“Youth know what youth need — so it’s much easier for youth to address things like mental health and eco-anxiety, because youth do tend to center different values than older generations,” says Cadungog.
Aside from the numerous youth-led environmental non-profits and charities in Canada doing inspiring work, Future of Good set out to find some of the perhaps lesser known youth-led organizations and grassroots groups from across the country. There’s much to learn from the kinds of approaches these grassroots groups take to this difficult work.
Break the Divide
Climate anxiety is rapidly climbing for young people who are constantly surrounded by doomsday rhetoric about our environment and the impact of climate change. For Abhayjeet Singh Sachal, co-founder of Break the Divide, creating an empathy-centred environmental awareness is crucial. Break the Divide connects youth through video calls and online sessions to allow young people to learn about environmental issues in different communities.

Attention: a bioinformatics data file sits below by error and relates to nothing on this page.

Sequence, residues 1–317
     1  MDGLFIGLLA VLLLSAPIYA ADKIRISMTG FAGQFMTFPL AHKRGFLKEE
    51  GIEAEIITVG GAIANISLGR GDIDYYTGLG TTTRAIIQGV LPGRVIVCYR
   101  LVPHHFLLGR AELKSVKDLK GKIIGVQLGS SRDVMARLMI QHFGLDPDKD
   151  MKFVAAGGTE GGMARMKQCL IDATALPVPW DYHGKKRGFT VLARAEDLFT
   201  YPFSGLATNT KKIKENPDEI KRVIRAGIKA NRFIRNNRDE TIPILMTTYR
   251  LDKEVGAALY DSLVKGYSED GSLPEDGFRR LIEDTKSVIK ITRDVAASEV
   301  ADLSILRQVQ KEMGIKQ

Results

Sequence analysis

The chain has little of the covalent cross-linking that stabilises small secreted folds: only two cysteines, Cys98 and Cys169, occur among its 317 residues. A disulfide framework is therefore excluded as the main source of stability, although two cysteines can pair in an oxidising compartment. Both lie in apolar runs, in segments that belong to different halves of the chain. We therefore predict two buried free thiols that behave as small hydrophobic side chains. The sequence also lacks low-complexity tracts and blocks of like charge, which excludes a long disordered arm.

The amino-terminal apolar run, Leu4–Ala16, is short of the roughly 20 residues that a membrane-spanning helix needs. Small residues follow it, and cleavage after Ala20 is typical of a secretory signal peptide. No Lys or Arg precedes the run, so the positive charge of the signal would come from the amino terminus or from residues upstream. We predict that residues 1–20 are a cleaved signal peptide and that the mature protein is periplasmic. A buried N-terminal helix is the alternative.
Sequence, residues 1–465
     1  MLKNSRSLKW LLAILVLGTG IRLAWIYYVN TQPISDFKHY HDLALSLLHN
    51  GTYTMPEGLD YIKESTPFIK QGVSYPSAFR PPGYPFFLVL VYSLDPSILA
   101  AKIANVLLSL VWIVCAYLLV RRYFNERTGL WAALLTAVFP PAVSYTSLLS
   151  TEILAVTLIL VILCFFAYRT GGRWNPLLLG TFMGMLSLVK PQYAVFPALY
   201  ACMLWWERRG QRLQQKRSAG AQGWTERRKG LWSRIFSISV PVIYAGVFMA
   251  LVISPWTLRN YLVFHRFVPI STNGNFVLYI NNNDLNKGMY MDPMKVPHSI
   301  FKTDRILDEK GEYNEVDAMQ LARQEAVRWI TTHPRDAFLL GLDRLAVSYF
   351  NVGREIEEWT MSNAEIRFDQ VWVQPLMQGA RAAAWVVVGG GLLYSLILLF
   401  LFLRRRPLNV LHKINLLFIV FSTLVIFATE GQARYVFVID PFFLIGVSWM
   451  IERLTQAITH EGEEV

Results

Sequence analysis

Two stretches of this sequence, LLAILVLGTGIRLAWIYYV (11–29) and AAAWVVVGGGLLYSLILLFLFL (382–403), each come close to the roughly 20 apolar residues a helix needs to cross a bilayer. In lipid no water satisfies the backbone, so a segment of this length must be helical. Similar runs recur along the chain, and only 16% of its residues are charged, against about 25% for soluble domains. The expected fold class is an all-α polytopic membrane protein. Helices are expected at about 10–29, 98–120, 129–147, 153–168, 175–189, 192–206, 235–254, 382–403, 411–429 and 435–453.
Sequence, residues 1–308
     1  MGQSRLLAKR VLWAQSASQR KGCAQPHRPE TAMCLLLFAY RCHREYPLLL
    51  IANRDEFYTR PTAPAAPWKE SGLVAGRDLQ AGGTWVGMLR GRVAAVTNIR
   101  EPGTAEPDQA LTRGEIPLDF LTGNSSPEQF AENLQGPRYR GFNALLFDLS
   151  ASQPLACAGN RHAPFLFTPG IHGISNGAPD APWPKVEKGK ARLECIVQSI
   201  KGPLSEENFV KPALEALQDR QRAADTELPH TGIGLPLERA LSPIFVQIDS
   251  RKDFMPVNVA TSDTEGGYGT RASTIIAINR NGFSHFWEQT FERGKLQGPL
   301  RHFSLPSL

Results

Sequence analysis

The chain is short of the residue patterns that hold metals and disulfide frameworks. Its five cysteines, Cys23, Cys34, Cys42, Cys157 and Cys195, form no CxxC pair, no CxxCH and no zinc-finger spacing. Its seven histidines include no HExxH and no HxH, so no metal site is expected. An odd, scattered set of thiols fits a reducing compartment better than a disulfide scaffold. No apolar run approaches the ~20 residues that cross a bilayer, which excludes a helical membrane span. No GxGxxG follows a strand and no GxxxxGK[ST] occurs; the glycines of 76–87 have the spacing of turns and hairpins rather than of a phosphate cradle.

Through workshops and online educational programs, Break the Divide works to create a network of youth who engage in conversations about environmental racism, environmental injustice, and the mental health impacts of climate change.
The initiative was founded in 2016, after Sachal went to Northern Canada through the Students on Ice Foundation and realized his lack of knowledge around issues that impact that region including coastal erosion, rising sea levels, and food insecurity. What started as a group within Sachal’s high school grew into schools across British Columbia as well as a school in Taiwan, and South Africa.